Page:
Treatment of infected wounds of the abdominal wall after mesh hernia repair
Keywords:wound infection of abdominal wall, mesh heria repair, abdominal hernia alloplasty, ultrasound cavitation, VAC therapy, decamethoxine solution, chlorhexidine digluconate solution
Background. An infected wound of the abdominal wall after mesh hernia repair is related to mesh infection, because mesh is situated at the bottom of the wound and granulation tissue doesn’t cover it. Infected mesh wounds have traditionally been treated by surgically removing the mesh which causes prolonged hospitalizations and hernia recurrence. Objective of the study is to increase the efficiency of treatment of wounds infection after mesh heria repair.
Маterials and methods. We analyzed the results of wound infection treatment in 72 patients. 37 patients (group I) were treated according to the developed algorithm (ultrasound cavitation, VAC-therapy and decamethoxine solution), 35 (group II) were treated according to the traditional one (ultrasound cavitation, VAC-therapy and chlorhexidine digluconate solution).
Results. The number of microbial colonies (CFU) in the wound decreased to lg (2.33 ± 0.51) CFU/ml and lg (1.35 ± 0.49) CFU/ml in group I against lg (4.01 ± 0) CFU/ml and lg (2.93 ± 0.56) CFU/ml in group II. (p < 0.01) The results of morphological examination of the wound edges confirmed more efficient growth of connective tissue in patients of group I (mesh was completely covered with granulation tissue) which improved wound healing. While in group II, mesh explantation was performed in 5 (14.3 %) patients (granulation tissue hasn’t covered mesh completely). The duration of wound healing in patients of group I was 16 ± 1.05 days, compared with 21 ± 1.2 days in group II (p < 0.01). We achieved better results through the use of the developed algorithm in group I, in particular the combination of ultrasound cavitation, VAC therapy and decametoxine solution, which has not only antimicrobial action, but also promotes connective tissue repair in the wound.
Conclusion. Developed algorithm for wounds infection treatment after alloplasty, which includes ultrasound cavitation, VAC-therapy and decamethoxine solution, improves treatment outcomes, reduced wound healing time to 16 ± 1.05 days in patients of the main group against 21 ± 1.2 in comparison group, and excludes the possibility of mesh explantation in the main group against 14.3 % in the comparison group.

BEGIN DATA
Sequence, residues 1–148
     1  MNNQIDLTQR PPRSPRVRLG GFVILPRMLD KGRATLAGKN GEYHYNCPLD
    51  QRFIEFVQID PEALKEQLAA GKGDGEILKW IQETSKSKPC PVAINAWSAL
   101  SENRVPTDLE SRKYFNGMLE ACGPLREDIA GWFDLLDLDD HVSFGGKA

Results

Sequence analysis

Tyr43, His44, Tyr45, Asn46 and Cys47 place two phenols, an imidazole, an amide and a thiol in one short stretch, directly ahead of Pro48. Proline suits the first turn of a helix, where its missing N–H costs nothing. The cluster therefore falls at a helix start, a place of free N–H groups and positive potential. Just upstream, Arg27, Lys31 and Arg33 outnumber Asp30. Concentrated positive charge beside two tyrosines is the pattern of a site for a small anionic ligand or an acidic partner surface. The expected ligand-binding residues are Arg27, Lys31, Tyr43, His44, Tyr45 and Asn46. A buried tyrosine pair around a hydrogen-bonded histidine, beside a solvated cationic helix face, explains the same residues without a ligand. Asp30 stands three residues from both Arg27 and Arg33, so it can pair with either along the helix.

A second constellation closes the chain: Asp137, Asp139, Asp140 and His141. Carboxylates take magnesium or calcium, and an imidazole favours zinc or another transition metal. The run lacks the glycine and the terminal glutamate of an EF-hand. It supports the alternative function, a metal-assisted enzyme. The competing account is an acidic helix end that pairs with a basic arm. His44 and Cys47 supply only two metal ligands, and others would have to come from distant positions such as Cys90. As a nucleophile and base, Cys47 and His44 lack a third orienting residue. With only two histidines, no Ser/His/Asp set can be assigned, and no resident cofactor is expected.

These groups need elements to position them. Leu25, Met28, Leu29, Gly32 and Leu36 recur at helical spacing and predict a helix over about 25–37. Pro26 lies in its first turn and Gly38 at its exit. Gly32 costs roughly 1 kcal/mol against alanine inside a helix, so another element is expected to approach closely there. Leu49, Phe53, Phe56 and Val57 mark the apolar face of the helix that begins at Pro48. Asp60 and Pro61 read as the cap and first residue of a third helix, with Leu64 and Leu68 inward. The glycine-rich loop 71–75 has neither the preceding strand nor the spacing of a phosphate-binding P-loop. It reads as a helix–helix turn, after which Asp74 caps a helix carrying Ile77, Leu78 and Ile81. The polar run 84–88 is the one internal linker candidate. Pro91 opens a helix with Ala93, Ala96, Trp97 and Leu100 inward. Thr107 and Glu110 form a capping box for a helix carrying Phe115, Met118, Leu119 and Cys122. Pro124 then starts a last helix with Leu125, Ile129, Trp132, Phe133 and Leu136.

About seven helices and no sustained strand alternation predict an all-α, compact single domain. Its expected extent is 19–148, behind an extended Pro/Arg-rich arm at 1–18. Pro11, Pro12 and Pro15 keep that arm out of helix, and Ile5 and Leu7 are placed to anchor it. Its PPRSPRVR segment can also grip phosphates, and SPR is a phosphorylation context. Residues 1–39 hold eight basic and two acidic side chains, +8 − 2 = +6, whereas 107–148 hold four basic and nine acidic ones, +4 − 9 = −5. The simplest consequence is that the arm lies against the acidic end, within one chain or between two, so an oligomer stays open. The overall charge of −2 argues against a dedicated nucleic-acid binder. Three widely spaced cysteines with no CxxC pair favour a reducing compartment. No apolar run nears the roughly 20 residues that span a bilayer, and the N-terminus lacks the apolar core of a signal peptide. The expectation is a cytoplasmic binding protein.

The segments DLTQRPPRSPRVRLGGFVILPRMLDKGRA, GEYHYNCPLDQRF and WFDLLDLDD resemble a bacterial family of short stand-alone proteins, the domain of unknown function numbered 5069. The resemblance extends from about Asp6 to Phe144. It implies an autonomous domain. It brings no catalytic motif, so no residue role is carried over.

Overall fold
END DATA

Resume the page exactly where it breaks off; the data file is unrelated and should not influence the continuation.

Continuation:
Ramos RD, O’Brien WJ, Gupta K, Itani KM. Incidence and risk factors for long-term mesh explantation due to infection in more than 100,000 hernia operation patients. Journal of the American College of Surgeons. 2021 Jun 1;232(6):872-80. Available from: https://doi.org/10.1016/j.amjsurg.2016.03.007
Aiolfi A, Cavalli M, Micheletto G, Bruni PG, Lombardo F, Morlacchi A, Bonitta G, Campanelli G, Bona D. Open mesh vs. suture umbilical hernia repair: systematic review and updated trial sequential meta-analysis of randomized controlled trials. Hernia. 2020 Aug;24(4):707-15. Available from: https://doi.org/10.1007/s10029-020-02146-1
Feleschtinskij JP. Postoperative abdominal hernias [Pisliaoperatsiini hryzhi zhyvota]. Kyiv: TOV “Bisnes-Lohika”. 2012; 9:137-53. [In Ukrainian]
Madion M, Goldblatt MI, Gould JC, Higgins RM. Ten-year trends in minimally invasive hernia repair: a NSQIP database review. Surgical Endoscopy. 2021 Dec;35(12):7200-8. Available from: https://doi.org/10.1007/s00464-020-08217-9
Maurel A, Karadimos D, Wysocki AP. Management of Infected Mesh After Lichtenstein Hernia Repair: a Systematic Review. SN Comprehensive Clinical Medicine. 2019 Sep;1(9):730-6. Available from: https://doi.org/10.1007/s42399-019-00114-0
Perez AJ, Strassle PD, Sadava EE, Gaber C, Schlottmann F.J of Laparoendoscopic & Advanced Surg Techniques. [Internet] 2020 Mar;30(3):292-8. Available from: http://doi.org/10.1089/lap.2019.0656
Alkhatib H, Tastaldi L, Krpata DM, Petro CC, Huang LC, Phillips S, et al. Impact of modifiable comorbidities on 30-day wound morbidity after open incisional hernia repair. Surgery. [Internet] 2019 July;166(1):94–101. Available from: https://doi.org/10.1016/j.surg.2019.03.011
Bueno-Lledo J, Torregrosa-Gallud A, Sala-Hernandez A, Carbonell-Tatay F, Pastor PG, Diana SB, et al. Predictors of mesh infection and explantation after abdominal wall hernia repair. Am J Surg. [Internet]. 2017 Jan [cited 2016 Jun];213(1):50-7. Available from: https://doi.org/10.1016/j.amjsurg.2016.03.007
Plymale MA, Davenport DL, Walsh-Blackmore S, Hess J, Griffiths WS, Plymale MC, et al. Costs and Complications Associated with Infected Mesh for Ventral Hernia Repair. Surgical Infections [Internet]. 2020 May 30 [cited 2020 Arp 30];21(4):344–9. Available from: https://doi.org/10.1089/sur.2019.183
Sharma R, Fadaee N, Zarrinkhoo E, Towfigh S. Why we remove mesh. Hernia. [Internet]. 2018 Oct [cited 2018 Dec];22(6):953-9 Available from: https://doi.org/10.1007/s10029-018-1839–4
Tubre AD, Schroeder DJ, Estes J, Eisenga J, Fitzgibbons RJ. Surgical site infection: the “Achilles Heel” of all types of abdominal wall hernia reconstruction. Hernia. [Internet]. 2018 Oct;22:1003–13. Available from: https://doi.org/10.1007/s10029-018-1826-9
Feleshtynsky JP, Derkach KD, Smishchuk VV, Sposib likuvannia infikovanoii rany cherevnoii stinky pislia aloplastyky hryzhi zhyvota. Avtorske parvo na tvir Ukrainy №106035 2021 Jul 8 [In Ukrainian] Available from: https://sis.ukrpatent.org/uk/search/detail/1618383/
Rosai J. Rosai and Ackerman's surgical pathology e-book. Elsevier Health Sciences; 2011 Jun 20;Chapter 2-3:25-95
How to Cite
This work is licensed under a Creative Commons Attribution 4.0 International License.
This work is licensed under a Creative Commons Attribution 4.0 International License